As I mentioned under a more general heading, Navabharata was one of four colonies founded by great powers in the 2120s A.D. in an unsuccessful quest for national prestige. All four were political failures because of the ~40 year delay between spending public money and getting any news of results. But they were demographic successes.
The planet, Beta Hydri VI, is large, wet, and very warm, and it rotates rapidly. As a result the equatorial zone is uninhabitably hot and the mid-latitudes are swept by fierce hurricanes and intense zonal winds. Pools of cool air are trapped in the polar cells poleward of latitude 60°. Navabharata’s antarctic zone is ~30% continental and is the location of most of the habitation. The arctic zone is 90% oceanic, and was not settled until the Age of Piracy, after c. 400 ATD.
Navabharata was politically and technologically vulnerable during the Age of Piracy, and suffered from a series of invasions. A multitude of local invaders established small tech-enabled oligarchies. Over a century these all adopted the god gambit; since the restoration of interstellar travel the gods of Navabharata have reinforced their divinity with imported tech, off-world technical training, and extensive body-modification.
Politically, Navabharata is comminuted into myriads of small to tiny city-states, each with a god-gambiting technocratic aristocracy. Global government consists of an annual ceremonial assembly of ruling gods, a great council, and a shahranshah elected for life, but their only functions are to qualify Navabharata as a unified colony and to appoint the senator and justices of the Imperial district court.
It is a conundrum what the nivasees (commoners) of Navabharata mean when they agree that their technocratic rulers are gods, able to do miracles, and deserving of worship.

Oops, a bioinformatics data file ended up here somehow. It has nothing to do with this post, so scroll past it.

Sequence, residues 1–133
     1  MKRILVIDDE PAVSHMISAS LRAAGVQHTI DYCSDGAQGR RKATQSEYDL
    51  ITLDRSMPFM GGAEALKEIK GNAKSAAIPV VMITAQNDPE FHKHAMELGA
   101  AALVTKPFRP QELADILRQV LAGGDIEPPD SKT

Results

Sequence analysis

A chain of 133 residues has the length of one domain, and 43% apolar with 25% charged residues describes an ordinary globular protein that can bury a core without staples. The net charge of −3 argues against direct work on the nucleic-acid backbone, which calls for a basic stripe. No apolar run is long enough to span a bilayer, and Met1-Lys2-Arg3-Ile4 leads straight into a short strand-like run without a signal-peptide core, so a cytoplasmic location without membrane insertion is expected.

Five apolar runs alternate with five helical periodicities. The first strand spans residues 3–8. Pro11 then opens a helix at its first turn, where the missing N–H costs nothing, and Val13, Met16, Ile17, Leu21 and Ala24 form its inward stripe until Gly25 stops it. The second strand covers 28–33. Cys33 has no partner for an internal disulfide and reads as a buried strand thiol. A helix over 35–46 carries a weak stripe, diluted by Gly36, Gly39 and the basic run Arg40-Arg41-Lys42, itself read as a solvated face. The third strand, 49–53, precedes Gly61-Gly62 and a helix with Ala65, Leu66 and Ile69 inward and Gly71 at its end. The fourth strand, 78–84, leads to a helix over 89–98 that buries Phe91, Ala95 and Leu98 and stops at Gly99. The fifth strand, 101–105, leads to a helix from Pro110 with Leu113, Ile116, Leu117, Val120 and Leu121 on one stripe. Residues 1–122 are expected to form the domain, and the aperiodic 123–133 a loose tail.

The logic of the divine kingship on Navabharata revived or re-evolved features of the sacred kingship as copiously described by Sir James Frazer in The Golden Bough. When a god whom everyone depends on for essential miracles ails or fails the community is at terrible risk: the god must be immolated¹ and replaced. The custom is thus that ageing, failing, or reviled gods immolate themselves, or are sacrificed by a successor, or torn apart by a mob, with a new god taking over. Some communities have fixed terms of rulership, or regular ceremonial tests of fitness for their senior gods. Almost all turn on a god in times of public calamity. The old god’s body may be eaten, broken up for lucky charms, or used as a miraculous fertiliser.
The gods of Navabharata have responded by developing such ploys as sneaking or fleeing off-world, substitutory sacrifices of symbolic successors, defeated enemies, representative animals, or even cake. But the ruling gods cannot persuade their pantheons to support abolishing the logic of the divine king (a) because of its memetic power, and (b) because it creates the main avenue for the ambition of cabinet-ranked gods.
Frazer, Sir James G. The Golden Bough, chapters XXIV (“The Killing of the Divine King”), XXV (“Temporary Kings”), and XXI (“Sacrifice of the King’s Son”)
Zelazny, R. Lord of Light
¹ Gary Gygax’s misapprehension notwithstanding, immolate means “kill, as a sacrifice”, not “surround with flames”. It is derived from the participle immolatus of the Latin verb immolo, which means “I sacrifice”. It referred originally to sprinkling victims with flour.